As you shiver in the cold today during what The Weather Channel is predicting could be the coldest winter on record for decades in North America, reflect on the 1780 snowstorm that hit George Washington’s army at Jockey Hollow in Morristown, NJ, now a National Park that commemorates the Continental Army’s winter encampment (December 1779 – June 1780). Here the soldiers survived the tail end of what historians and paleoclimatologists dub, “the little ice age”.
The NOAA Satellite and Information Service (NESDIS) and the National Climatic Data Center, U.S. Department of Commerce, use tree rings dating, remote sensing, GIS and other Geoscience data tools to collect, preserve, and analyze the Nation’s historical climate and weather data . This data contributes to ongoing research on the timeline of the “little ice age” determined by NASA and The Hudson River Foundation to be from the early 1400’s to late 1800’s in the New York region, of which the Revolutionary War is one of many points in a long timeline.
I grew up in the beautiful Highlands of New Jersey, otherwise known as the historic “George Washington Slept Here” region, where the life, actions, and decisions of George Washington that determined the outcome of the Revolutionary War are proudly celebrated and relived through education and historical events, taking a prominent place in the planning of the 2013 – 2019 New Jersey Comprehensive Statewide Historic Preservation Plan. From the Christmas Day tradition of watching Washington crossing the Delaware, a school visit to a reenactment site, or watching a documentary on the bridge bearing his name, we are suffused in all aspects of George Washington: First President of the United States, General, Surveyor, and Cartographer.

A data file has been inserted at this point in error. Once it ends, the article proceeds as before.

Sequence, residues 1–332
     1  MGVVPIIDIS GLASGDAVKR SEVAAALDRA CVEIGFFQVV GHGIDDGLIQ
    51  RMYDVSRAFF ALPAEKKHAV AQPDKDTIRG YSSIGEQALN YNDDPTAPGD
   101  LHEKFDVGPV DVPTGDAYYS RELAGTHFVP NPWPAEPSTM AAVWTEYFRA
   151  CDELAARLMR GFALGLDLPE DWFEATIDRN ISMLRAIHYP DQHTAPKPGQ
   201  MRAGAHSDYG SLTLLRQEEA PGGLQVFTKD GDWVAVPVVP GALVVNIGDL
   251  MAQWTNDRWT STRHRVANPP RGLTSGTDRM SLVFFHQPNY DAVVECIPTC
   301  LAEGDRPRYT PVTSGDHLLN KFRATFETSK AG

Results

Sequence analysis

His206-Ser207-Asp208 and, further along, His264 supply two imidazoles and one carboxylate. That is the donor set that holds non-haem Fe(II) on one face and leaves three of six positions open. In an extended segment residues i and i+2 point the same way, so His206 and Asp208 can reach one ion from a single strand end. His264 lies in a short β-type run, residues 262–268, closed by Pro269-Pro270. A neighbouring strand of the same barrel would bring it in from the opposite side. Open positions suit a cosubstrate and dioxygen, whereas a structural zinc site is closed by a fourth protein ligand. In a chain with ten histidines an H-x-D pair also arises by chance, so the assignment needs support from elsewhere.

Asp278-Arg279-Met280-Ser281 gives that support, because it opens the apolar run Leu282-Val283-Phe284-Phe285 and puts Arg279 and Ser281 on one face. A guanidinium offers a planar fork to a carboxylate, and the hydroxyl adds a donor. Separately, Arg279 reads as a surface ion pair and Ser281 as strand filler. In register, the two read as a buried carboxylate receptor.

Today, sitting here in my cold, wet socks after shoveling snow, I reflect on the fact that for many years it was believed Valley Forge, the site where Washington’s men camped the first winter (1777-1778), was the coldest on record because over three thousand men died “shivering in the snow” and it is the most famous site of the Revolutionary War. However, historians, climatologists, and geoscientists have determined that it was a normal winter for the time period and that inexperience and disease caused many of the deaths. Often referred to as the “crucible of experience” that shaped the Continental Army, this bitter lesson shaped Washington’s decision to camp at Jockey Hollow near Morristown in 1779 for it’s proximity to New York, access to natural resources and food, and strategic location. It makes me wonder if George Washington’s men thanked his experience as a surveyor and cartographer, and his decision to create an office of Geographer to the Continental Army, among other skills that improved their survival during the most brutal winter known to mankind.
I also mentally thank my teachers and and community for giving me the insight that local knowledge and geo-literacy are an education that keeps on giving long after our school years are over and makes 2013 Geography Awareness Week come full circle for me. They instilled in me the interest to support my local national parks, museums, and events. As Frank LaFone would say, “Well played, geography, well played”.